A reader asked: “I was curious as to the reason for this article. I just don’t know what the uses are, if any, besides knocking people out – are there any?”
Such an important question… I responded:
“No, no other use. As of late, I have been reading a lot on the Civil War. One thing I noted was that Chloroform saved lives… It was essential. I do believe that we shouldn’t let skills fall to the wayside because of specialization. We should know how to save lives.
HOWEVER…. Chloroform is exceptionally dangerous and has numerous side effects which is why modern medicine doesn’t use it.”
By Garrett Nielsen
To begin with, a warning! Chloroform is dangerous – it can cause terminal diseases and also death if not administered under expert and medical supervision. Chloroform is a compound that needs to be handled with absolute knowledge, proper precautions and respect. Make sure you are aware of lab safety as well as chemical safety before working with this or any chemical compound. This article will cover how to make and safely handle this compound. Here’s how to make chloroform at home.
• Chloroform should always be handled by qualified persons or under qualified supervision.
• Children and pets should NEVER be allowed to come close to the chemical.
• Always wear protective gear and follow lab safety and chemical safety practices when handling chloroform.
• Chloroform reacts with oxygen to make phosgene, a chemical gas which, when consumed, causes irreparable damage to your body organs. Chloroform also turns into phosgene faster under direct sunlight (radiation).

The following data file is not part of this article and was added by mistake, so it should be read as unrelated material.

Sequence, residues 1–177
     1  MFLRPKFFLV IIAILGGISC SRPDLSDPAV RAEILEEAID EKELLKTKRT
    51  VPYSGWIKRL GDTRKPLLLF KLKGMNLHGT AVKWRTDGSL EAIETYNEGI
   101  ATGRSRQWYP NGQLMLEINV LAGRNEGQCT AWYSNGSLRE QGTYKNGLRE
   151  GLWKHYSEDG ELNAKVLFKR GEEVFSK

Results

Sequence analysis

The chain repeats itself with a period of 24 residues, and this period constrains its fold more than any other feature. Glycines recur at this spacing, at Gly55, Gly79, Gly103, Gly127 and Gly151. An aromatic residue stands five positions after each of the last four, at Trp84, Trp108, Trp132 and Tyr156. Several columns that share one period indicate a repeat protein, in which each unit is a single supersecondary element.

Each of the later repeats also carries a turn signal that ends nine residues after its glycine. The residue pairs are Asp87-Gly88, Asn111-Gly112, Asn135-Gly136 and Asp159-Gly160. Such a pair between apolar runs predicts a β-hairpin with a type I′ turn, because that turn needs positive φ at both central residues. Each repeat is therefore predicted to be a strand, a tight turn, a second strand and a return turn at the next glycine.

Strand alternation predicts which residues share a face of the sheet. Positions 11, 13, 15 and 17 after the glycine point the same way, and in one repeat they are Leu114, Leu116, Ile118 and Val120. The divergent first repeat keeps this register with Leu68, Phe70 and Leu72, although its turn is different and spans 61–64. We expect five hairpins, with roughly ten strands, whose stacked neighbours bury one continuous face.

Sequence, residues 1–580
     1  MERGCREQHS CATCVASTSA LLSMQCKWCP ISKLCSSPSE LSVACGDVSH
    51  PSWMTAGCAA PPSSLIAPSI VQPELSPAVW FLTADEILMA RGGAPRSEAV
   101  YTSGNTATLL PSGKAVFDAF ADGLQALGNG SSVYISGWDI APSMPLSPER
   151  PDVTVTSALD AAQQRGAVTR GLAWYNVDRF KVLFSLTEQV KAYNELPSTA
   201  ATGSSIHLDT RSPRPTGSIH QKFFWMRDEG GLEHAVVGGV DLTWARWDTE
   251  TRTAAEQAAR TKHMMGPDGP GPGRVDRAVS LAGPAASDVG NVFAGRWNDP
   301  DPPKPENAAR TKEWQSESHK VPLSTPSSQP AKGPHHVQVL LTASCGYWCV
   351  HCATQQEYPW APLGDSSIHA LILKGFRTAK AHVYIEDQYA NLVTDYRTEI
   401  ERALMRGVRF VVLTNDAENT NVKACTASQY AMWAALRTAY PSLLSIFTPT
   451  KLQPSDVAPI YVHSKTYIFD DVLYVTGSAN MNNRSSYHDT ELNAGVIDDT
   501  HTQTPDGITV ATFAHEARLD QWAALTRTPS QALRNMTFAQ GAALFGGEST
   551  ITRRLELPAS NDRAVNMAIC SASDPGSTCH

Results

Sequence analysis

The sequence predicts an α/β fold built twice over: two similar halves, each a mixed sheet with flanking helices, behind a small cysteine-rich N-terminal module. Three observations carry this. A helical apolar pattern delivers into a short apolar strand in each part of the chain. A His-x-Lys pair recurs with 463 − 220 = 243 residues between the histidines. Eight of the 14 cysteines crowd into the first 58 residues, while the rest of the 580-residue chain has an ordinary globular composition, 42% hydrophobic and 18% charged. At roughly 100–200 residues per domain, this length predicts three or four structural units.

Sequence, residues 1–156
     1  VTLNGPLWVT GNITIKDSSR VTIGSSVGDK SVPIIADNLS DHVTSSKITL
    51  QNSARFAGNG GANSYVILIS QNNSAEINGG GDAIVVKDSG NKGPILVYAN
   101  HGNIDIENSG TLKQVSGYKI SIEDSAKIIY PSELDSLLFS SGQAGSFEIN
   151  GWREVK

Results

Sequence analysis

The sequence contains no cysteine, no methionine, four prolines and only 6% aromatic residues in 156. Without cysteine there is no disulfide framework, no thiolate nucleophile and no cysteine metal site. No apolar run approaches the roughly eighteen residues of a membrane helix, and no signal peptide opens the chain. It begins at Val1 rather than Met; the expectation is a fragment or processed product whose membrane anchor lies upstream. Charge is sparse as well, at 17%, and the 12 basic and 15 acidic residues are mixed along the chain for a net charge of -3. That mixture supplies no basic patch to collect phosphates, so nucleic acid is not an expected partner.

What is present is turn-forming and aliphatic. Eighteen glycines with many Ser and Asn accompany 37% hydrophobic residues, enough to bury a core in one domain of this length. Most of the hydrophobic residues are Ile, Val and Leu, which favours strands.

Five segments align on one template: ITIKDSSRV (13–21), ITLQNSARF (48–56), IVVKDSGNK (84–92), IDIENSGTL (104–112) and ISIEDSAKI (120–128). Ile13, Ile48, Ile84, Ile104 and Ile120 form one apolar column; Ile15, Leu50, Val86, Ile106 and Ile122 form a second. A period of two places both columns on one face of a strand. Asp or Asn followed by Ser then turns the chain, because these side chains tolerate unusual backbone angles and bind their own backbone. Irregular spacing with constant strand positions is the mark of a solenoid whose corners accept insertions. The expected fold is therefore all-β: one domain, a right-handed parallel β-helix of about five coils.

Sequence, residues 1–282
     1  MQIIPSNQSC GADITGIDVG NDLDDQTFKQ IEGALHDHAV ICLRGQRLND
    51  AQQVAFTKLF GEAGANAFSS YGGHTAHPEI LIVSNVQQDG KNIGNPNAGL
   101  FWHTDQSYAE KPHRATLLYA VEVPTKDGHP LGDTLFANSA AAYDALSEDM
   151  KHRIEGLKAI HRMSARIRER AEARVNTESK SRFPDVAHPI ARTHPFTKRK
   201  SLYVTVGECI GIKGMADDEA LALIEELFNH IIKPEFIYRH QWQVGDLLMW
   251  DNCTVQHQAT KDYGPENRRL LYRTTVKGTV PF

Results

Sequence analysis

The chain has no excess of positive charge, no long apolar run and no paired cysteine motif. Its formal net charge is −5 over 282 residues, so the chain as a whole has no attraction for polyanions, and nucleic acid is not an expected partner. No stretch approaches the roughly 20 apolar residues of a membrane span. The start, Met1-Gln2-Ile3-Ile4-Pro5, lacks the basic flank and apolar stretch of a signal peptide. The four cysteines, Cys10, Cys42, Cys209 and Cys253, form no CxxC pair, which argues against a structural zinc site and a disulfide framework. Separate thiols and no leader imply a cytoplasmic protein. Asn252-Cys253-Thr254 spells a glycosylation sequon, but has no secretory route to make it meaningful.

Storing chloroform. If chloroform needs to be stored, the following precautions are necessary:
• Always store in an amber or brown glass bottle and NOT in plastic or metal containers
• To store, fill the bottle all the way up to the top
• Never store it for longer than a week as it will start decomposing.
• NEVER inhale chloroform made in the manner given below.
Making chloroform. To make chloroform, you will require the following laboratory chemicals and ingredients:
• Pure acetone, which is available at hardware stores
• Glassware, which will allow clear vision of the solution inside
• Separation funnel
Making the chloroform. Wear protective gear like goggles, gloves, and so on to ensure you are well protected.
• Start by filling up a glass container with half a liter of bleach
• Lower the temperature of the bleach solution by adding ice also into the container and allowing it to cool.
• Pour 10 ml of the acetone (to maintain a ratio of 1: 50, one part acetone to fifty parts of bleach) into the container.
• Add some more ice to keep the temperature low. Replacing the cubes that have already melted will ensure this. The bleach must be kept cool as otherwise it will emit fumes of bleach and chloroform.
• Keep aside for 20 minutes to ensure complete reaction. In a while clouding up can be seen with an increase in temperature.
• Allow time for the reaction to settle. This will take about half an hour, but if after this time also the solution does not appear to be settling, a stir will help.
• Once settled, you will see either be a white powder residue or a bubble at the bottom. This is chloroform.
• Pour the solution out with care, ensuring that no powder or bubble leaves the container.
• Now the pure chloroform, which remains in the glass container, can be extracted with a separation funnel.
Ideally, this article should be read for academic interest only. Avoid trying to make this chemical compound at home or anywhere else, unless you are authorized to do so and you follow established procedures and guidelines relating to the handling and usage of chemicals, laboratory safety, and the like.
Making chloroform in your home is strongly discouraged as the hazards of exposure to phosgene, used in chemical weapons, can be painfully fatal.